2) Applying successfully even for small awards establishes a record of acquiring funding which will be important down the line when you're trying to make the case for why you're hireable.

3) It will make your advisor happy.

And now, how. First, start early! Think a year ahead of where you are right now. If a year from now you'll be finishing coursework, think about funding for preliminary research or for writing the proposal. If a year from now you will have completed your comps, think about funding for research. And if a year from now you will start the final year of writing (should the stars align), seek out dissertation completion funding.

There are very few graduate awards that fund the first two or three years. The NSF GRFP can generally be applied for in the first or second year of graduate study, and you may be surprised at the fields it will fund. The Soros can be applied for as an enrolled graduate student and will fund coursework and you can apply for the Ford Foundation's Predoctoral award as long as you have two years of coursework remaining. These latter two are incredibly competitive. The GRFP is by far the biggest among these, with 2,000 awards made for 2014/15. For students in the sciences, the NDESG and SMART may be options. NDESG also applies to the behavioral sciences. The resources below may also help identify other, more specific sources of funding for those early years.

Once you are looking at funding research, fieldwork, travel, dissertation completion, etc., your search will become more field specific.

Sources to help you identify funding

1) Your supervisor, grad chair and fellow graduate students: Now is not the time to be shy. Be sure to ask your supervisor and grad chair what the biggest sources of funding are in your field and when a student ought to apply. Ask other students - particularly students in cohorts before yours - what they applied for. And ask students at conferences you attend what they've applied for and what their supervisors encourage students in their programs to apply for. Take all advice with a grain of salt; fact-check for yourself.

2) Pivot: an important database for academic funding from undergrad to senior faculty that is accessible through academic institutions. If you log on to a Temple computer and click this link, you will be taken directly into the database. From home, you must create a login.

3) Era@TU: Temple's access to the InfoEd suite, to be used for identifying funding and submitting proposals. I'll be honest. I think this resource does all manner of things I am unfamiliar with - post-award administration, possibly creating unicorns. I'm not sure. What I do know is that if you click this link, you can log in and then click the words "Find Funding" in the upper lefthand corner to search for funding.

4) H-Net announcements: Finally! One just for you humanities and humanistic social sciences folks! On H-Net's announcements page, you will find calls for papers, job and post-doc listings and funding announcements. The search function seems a bit funky to me - best just to scroll.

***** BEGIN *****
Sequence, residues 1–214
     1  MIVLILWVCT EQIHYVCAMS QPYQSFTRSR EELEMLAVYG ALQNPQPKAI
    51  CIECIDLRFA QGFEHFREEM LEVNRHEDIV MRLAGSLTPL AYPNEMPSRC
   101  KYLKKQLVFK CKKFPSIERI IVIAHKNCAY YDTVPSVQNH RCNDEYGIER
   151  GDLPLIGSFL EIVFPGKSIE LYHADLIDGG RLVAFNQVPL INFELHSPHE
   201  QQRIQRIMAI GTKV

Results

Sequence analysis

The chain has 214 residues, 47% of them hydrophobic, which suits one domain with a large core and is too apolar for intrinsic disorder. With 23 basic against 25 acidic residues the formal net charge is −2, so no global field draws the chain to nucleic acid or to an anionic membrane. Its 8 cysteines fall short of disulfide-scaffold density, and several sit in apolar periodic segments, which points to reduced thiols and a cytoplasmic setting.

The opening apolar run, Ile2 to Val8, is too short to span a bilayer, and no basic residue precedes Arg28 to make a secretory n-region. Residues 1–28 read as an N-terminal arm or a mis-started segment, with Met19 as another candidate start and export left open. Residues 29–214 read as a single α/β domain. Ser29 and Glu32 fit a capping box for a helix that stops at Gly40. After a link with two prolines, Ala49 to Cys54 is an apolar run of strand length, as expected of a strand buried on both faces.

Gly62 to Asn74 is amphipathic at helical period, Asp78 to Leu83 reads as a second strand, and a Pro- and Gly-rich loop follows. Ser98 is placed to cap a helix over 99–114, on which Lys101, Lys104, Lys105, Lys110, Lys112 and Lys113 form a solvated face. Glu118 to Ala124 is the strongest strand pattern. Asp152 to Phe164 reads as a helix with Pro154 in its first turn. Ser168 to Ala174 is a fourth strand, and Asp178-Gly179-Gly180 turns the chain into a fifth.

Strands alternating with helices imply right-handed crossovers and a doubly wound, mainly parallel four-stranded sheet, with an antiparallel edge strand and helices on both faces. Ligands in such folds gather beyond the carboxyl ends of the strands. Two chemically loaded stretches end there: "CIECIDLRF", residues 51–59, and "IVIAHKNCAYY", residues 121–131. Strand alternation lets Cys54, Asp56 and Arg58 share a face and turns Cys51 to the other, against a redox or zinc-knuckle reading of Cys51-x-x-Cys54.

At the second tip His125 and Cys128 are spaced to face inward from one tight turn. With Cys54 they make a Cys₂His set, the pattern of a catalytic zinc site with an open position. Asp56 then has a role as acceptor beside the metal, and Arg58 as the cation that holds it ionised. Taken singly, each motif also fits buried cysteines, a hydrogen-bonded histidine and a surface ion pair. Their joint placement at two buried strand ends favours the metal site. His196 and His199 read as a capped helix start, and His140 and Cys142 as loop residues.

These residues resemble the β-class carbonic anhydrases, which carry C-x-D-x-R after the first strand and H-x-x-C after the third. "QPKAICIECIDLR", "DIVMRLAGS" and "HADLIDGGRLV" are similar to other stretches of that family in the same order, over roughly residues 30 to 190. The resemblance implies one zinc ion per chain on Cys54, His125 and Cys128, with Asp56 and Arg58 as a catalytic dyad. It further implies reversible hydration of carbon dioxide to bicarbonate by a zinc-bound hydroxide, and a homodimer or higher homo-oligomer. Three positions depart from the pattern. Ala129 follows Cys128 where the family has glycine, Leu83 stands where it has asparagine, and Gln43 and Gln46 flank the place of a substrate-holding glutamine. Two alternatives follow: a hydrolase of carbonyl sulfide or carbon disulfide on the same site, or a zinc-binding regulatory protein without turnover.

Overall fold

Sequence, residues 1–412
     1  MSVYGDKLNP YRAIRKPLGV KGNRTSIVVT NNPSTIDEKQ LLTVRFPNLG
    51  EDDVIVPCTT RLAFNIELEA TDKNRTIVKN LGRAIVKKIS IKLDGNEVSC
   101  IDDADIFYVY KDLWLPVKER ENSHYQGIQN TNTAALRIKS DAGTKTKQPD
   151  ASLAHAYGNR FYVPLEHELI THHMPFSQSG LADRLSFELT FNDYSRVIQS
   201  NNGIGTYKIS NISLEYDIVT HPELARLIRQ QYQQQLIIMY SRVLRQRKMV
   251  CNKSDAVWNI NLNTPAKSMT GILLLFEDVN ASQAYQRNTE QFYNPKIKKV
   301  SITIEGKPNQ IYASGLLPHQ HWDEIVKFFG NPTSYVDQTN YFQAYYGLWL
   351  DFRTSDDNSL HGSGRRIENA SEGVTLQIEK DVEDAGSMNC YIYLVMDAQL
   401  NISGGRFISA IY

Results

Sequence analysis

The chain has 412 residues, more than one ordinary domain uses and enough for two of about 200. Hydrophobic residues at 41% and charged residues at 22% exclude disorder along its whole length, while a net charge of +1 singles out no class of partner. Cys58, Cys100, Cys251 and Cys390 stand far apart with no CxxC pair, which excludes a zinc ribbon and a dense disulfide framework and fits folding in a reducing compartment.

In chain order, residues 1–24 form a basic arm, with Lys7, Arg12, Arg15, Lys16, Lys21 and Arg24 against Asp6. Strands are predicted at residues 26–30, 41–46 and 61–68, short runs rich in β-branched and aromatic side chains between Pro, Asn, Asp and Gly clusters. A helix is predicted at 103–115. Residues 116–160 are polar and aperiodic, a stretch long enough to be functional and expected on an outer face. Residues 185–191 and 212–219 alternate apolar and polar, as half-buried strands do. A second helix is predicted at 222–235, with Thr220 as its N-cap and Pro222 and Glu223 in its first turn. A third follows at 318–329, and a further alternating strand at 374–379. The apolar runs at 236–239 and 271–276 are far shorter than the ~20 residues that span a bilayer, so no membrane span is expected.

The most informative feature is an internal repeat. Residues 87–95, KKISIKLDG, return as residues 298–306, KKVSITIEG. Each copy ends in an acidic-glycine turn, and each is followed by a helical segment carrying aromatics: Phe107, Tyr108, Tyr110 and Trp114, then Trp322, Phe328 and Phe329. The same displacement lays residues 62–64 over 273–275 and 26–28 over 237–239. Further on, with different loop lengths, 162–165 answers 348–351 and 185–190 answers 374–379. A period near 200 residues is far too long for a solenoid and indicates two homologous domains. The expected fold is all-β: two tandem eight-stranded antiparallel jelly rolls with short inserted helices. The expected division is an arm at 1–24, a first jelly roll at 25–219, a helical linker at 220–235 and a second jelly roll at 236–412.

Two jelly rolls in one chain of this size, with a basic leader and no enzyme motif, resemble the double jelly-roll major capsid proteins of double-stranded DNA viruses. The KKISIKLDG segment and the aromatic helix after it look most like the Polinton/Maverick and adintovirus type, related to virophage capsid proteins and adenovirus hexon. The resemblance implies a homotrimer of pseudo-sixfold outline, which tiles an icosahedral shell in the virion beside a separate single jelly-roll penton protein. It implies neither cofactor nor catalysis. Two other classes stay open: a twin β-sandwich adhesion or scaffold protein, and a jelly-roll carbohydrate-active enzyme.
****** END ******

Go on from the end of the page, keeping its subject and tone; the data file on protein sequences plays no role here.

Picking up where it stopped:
5) Your professional association: Professional associations will sometimes provide awards for fieldwork or travel; more often they'll have a page of awards applicable to graduate students in a field. Remember to look for both your major disciplinary association and smaller sub-disciplinary or regional associations. Both may have resources. And if you're not sure what your professional association is, use the power of Google or go back to your supervisor and tell them that when you asked about major sources of funding, you forgot to ask what your professional association is.

6) Profellow: Who is, according to their page, building the "world's best fellowships database." The Kingdom Tower of fellowships databases, if you will. You be the judge.

7) The CV's of those you admire: I give you permission to snoop the publically accessible (no hacking, please) CV's of new faculty at your institution and at other institutions, post-docs, and other grad students you perceive to have successfully worked the system to learn about awards in your field. I emphasize early career academics because the funding landscape frequently changes. Again, the power of Google.

8) These other databases: Grants.govCornell University Graduate School, UCLA database, University of Chicago database

And finally, a few other major awards for those later years:

- NSF Dissertation Completion grants:
- Fulbright: (Temple contact = Denise Connerty, director of Education Abroad)
- Boren fellowship:
- American Association of University Women awards:
- American Council of Learned Societies:
- NIH Graduate Partnerships Program:
- American Educational Research Association: click here
- Woodrow Wilson National Fellowships Foundation fellowships:
- Social Science Research Council Fellowships:
- National Endowment for the Humanities grants:
- NIH Fogarty funding opportunities: